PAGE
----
The Iowa House passed a bill on the contentious issue of school start dates for Iowa K-12 students today. The legislation allows middle and elementary schools that follow year-round calendars to set an early school start date; however, all other schools could start only as early as August 23.
State Rep. Mary Mascher, a Democrat from Iowa City, voted against the bill. She says the one-size-fits-all start date for high schools is a bad approach.
"Each and every one of the schools in our districts are telling us, 'Let use decide…Give us that opportunity to determine what is in the best interests of our students,'" Mascher says. "I trust them to do that."
The Iowa tourism industry has lobbied against school starting earlier than Labor Day. They say August start dates limit the availability of a teenaged workforce, while also limiting families' ability to schedule summer vacations.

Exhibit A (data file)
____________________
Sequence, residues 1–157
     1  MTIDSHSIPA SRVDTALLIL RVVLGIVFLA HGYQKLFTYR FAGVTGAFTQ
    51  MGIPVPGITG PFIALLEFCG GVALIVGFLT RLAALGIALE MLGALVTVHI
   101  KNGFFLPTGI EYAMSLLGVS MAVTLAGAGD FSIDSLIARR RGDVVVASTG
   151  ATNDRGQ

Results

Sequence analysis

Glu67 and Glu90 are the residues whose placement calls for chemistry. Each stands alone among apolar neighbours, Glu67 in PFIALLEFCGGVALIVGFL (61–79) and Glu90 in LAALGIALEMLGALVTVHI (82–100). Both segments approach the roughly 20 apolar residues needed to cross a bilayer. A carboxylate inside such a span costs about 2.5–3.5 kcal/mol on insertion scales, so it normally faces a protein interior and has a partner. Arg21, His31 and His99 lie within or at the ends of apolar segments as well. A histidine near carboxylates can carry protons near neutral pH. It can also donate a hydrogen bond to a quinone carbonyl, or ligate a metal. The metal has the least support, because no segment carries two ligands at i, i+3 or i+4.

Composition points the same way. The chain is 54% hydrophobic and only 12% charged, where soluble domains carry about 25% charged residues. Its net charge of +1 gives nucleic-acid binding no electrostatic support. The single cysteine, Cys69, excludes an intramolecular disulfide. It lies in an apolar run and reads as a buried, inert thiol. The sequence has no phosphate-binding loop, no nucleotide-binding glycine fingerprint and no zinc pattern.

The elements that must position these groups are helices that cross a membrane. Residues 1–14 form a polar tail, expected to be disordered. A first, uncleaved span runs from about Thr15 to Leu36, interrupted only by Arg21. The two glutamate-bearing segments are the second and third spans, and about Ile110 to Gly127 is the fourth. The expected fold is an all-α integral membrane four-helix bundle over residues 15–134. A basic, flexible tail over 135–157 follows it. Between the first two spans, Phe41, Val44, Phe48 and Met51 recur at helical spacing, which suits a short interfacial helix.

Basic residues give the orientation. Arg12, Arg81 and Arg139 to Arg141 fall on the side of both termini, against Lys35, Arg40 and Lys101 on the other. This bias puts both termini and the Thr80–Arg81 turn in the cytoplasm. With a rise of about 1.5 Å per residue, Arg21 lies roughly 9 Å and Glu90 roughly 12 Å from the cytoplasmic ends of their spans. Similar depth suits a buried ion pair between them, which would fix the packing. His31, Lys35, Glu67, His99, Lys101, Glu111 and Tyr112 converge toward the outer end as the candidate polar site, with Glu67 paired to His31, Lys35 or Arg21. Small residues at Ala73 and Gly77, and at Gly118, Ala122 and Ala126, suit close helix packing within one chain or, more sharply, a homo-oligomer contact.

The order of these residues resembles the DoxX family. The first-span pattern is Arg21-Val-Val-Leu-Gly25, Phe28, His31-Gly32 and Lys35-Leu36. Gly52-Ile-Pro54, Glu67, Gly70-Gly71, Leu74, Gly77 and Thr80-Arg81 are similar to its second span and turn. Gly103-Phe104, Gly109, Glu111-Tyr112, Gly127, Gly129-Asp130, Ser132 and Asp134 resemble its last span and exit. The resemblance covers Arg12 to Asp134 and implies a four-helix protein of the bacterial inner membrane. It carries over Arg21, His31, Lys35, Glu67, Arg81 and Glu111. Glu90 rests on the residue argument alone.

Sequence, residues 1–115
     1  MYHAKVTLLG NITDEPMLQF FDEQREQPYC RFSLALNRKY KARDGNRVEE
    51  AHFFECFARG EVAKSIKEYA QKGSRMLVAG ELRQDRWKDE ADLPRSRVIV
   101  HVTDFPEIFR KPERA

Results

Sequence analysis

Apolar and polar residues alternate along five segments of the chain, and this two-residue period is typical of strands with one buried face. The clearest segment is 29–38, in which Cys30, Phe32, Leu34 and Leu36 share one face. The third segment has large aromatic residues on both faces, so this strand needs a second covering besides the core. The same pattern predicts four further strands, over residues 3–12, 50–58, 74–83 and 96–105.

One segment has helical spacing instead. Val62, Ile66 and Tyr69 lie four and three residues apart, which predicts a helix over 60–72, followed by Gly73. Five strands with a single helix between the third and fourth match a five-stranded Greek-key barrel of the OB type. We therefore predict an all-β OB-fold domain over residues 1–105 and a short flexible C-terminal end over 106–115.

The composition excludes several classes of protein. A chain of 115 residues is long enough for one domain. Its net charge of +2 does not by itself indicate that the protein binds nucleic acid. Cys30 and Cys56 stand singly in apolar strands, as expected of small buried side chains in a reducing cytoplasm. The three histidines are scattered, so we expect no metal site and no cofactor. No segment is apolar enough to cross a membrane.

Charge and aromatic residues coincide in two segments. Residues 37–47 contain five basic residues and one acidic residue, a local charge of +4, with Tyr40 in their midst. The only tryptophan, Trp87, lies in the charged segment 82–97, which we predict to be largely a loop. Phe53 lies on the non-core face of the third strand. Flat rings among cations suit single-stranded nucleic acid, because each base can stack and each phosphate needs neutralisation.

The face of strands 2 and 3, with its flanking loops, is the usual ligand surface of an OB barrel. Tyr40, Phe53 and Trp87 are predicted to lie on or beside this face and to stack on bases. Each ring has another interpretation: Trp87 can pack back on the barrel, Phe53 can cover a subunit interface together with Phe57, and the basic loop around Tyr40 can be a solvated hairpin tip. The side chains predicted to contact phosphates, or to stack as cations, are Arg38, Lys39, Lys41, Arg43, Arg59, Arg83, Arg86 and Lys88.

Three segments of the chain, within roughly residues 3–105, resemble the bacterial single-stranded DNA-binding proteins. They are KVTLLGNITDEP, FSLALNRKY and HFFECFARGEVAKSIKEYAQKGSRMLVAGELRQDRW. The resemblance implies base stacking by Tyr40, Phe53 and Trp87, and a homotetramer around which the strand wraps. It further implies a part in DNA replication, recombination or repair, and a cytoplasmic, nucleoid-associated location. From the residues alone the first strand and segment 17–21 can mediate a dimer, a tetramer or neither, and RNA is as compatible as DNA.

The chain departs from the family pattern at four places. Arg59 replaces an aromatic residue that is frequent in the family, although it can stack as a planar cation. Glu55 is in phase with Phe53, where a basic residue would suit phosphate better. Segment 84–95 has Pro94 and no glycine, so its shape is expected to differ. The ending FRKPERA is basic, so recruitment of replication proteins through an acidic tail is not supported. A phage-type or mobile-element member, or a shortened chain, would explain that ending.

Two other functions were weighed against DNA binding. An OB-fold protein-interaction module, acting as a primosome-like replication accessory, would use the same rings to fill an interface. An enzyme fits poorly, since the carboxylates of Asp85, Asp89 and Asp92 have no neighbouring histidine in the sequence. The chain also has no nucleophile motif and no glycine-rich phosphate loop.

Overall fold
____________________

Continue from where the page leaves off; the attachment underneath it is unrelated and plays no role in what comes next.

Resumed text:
State Rep. Greg Forristal, a Republican from Macedonia, is the bill's floor manager. While he agrees it would be beneficial for high schools to have year-round calendars, he says compromise is necessary.
"Sometimes you have to take what you can get and work forward from there," Forristal says. "And this is one of those cases."
Current Iowa law bars schools from starting before the week of September 1, but allows districts to obtain a waiver for an earlier start. Governor Terry Branstad announced waivers would not be distributed for the 2015-2016 school year forcing the legislature to address the issue.
Now it's up to the Republican-controlled Iowa House and Democrat-controlled state Senate to agree on legislation. A final compromise is uncertain.